How to Attract Certain Butterfly Species


| July/August 2008

  • BFSPImage1
    Clouded Sulphur
    Lori Dunn
  • BFSPImage2
    Monarch
    iStockphoto.com/Roger Lecuyer
  • BFSPImage3
    Painted Lady
    Lori Dunn
  • BFSPImage5
    Red-Spotted Purple
    Lori Dunn
  • BFSPImage4
    Red Admiral
    iStockphoto.com/Michael Steden
  • BFSPImage6
    Viceroy
    iStockphoto.com/Scott Slattery
  • BFSPImage7
    Zebra Swallowtail
    iStockphoto.com/Aiden Dale

  • BFSPImage1
  • BFSPImage2
  • BFSPImage3
  • BFSPImage5
  • BFSPImage4
  • BFSPImage6
  • BFSPImage7
With the right host plants to feast on, they will come. Butterflies can be fairly picky when it comes to the larval host plants that voracious caterpillars enjoy chomping. “Usually it’s important to have the right host plant in your garden if you’re trying to attract a particular butterfly species,” says Tim Pollak, butterfly gardening expert at the Chicago Botanic Garden. According to the Butterfly House and Monarch Watch, these butterflies prefer to lay their eggs on the following host plants (host species may not be shown):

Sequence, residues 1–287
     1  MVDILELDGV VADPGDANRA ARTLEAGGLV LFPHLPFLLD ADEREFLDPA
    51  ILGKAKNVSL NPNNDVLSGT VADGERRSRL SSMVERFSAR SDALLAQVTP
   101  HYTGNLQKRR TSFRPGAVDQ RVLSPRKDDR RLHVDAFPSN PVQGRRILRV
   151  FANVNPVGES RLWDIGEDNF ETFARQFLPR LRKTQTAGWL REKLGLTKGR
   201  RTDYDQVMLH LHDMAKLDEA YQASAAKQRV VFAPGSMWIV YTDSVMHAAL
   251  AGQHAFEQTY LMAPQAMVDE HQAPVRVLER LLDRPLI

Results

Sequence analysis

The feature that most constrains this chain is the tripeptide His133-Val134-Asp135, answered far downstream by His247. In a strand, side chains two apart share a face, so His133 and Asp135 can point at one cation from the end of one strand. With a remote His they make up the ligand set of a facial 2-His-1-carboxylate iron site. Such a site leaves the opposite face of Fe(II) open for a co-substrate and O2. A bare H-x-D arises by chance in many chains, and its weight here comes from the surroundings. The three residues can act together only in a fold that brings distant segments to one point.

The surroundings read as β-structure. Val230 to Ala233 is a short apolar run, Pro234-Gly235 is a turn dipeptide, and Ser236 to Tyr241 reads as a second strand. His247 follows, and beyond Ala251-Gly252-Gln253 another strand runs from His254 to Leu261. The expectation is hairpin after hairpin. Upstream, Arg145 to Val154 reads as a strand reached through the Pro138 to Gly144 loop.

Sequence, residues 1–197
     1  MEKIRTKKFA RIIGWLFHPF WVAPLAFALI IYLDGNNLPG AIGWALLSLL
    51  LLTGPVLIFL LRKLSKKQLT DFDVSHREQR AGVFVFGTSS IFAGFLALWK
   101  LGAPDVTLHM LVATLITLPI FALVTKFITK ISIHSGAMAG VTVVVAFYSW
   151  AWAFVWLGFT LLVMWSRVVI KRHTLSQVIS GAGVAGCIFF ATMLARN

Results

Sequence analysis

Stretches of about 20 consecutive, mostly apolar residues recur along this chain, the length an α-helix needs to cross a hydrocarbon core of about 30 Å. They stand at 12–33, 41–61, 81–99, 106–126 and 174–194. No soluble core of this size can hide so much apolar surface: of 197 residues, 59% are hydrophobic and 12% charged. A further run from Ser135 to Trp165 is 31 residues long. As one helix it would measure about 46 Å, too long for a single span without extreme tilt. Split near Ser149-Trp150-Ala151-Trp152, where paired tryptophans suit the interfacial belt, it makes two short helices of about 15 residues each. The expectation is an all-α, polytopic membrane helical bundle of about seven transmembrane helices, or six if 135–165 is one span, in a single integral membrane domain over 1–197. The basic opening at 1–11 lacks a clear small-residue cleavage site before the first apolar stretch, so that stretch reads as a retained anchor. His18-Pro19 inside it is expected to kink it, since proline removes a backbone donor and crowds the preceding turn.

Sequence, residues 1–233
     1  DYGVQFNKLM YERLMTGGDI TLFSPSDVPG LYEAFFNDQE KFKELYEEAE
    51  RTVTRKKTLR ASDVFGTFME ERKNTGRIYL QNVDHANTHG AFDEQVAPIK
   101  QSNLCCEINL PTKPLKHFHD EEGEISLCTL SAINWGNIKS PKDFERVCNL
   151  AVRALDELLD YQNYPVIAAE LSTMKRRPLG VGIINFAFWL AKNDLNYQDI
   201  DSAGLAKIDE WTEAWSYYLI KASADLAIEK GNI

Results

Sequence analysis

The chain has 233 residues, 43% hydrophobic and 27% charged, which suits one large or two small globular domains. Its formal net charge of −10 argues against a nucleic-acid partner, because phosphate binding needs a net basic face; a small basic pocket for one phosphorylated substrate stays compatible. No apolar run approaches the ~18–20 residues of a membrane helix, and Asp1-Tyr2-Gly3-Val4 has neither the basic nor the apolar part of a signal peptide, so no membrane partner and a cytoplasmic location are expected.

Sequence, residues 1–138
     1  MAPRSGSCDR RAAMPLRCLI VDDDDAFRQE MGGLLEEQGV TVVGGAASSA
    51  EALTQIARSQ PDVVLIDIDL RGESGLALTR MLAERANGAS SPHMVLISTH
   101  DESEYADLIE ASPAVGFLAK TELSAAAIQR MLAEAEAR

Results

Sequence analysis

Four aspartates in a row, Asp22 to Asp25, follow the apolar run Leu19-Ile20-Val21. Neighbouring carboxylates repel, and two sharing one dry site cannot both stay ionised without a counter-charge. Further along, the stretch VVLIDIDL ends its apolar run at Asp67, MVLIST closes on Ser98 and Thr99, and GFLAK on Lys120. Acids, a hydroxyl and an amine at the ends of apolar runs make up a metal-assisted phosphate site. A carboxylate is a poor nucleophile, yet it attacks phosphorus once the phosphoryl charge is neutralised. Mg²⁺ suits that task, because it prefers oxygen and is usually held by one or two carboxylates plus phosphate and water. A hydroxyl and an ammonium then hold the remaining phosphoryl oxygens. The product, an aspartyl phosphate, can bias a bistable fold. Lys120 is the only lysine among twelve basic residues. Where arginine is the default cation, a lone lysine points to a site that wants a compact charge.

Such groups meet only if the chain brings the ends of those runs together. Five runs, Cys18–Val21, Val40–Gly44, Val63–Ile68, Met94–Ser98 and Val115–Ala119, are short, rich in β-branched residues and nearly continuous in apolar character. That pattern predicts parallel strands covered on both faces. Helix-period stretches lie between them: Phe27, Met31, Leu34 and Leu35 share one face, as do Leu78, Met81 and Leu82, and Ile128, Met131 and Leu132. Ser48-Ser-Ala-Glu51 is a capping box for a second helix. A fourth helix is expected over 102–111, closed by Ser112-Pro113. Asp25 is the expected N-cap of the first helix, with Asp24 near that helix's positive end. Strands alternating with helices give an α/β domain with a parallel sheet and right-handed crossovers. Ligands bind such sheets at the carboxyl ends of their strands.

Cloudless Sulphur (Phoebis sennae) – Senna (Cassia spp.)

Monarch (Danaus plexippus) – Milkweed (Asclepias spp.)

Painted Lady (Vanessa cardui) – Thistles (Cirsium spp.)

Red Admiral (Vanessa atalanta) – Nettles (Urtica spp.)  



Red-spotted purple (Limenitis arthemis) – Willows (Salix spp.)

Viceroy (Limenitis archippus) – Willows (Salix spp.)





Live The Good Life with GRIT!

Grit JulAug 2016At GRIT, we have a tradition of respecting the land that sustains rural America. That's why we want you to save money and trees by subscribing to GRIT through our automatic renewal savings plan. By paying now with a credit card, you save an additional $6 and get 6 issues of GRIT for only $16.95 (USA only).

Or, Bill Me Later and send me one year of GRIT for just $22.95!




Facebook Pinterest Instagram YouTube Twitter

Free Product Information Classifieds